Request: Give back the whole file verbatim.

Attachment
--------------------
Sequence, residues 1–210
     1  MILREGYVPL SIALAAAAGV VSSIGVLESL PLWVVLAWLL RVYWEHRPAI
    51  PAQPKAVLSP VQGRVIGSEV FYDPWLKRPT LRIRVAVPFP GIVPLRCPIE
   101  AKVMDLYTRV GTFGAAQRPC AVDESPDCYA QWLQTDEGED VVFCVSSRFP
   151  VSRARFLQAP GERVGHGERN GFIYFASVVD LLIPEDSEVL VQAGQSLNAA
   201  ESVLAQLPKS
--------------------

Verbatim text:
Sequence, residues 1–210
     1  MILREGYVPL SIALAAAAGV VSSIGVLESL PLWVVLAWLL RVYWEHRPAI
    51  PAQPKAVLSP VQGRVIGSEV FYDPWLKRPT LRIRVAVPFP GIVPLRCPIE
   101  AKVMDLYTRV GTFGAAQRPC AVDESPDCYA QWLQTDEGED VVFCVSSRFP
   151  VSRARFLQAP GERVGHGERN GFIYFASVVD LLIPEDSEVL VQAGQSLNAA
   201  ESVLAQLPKS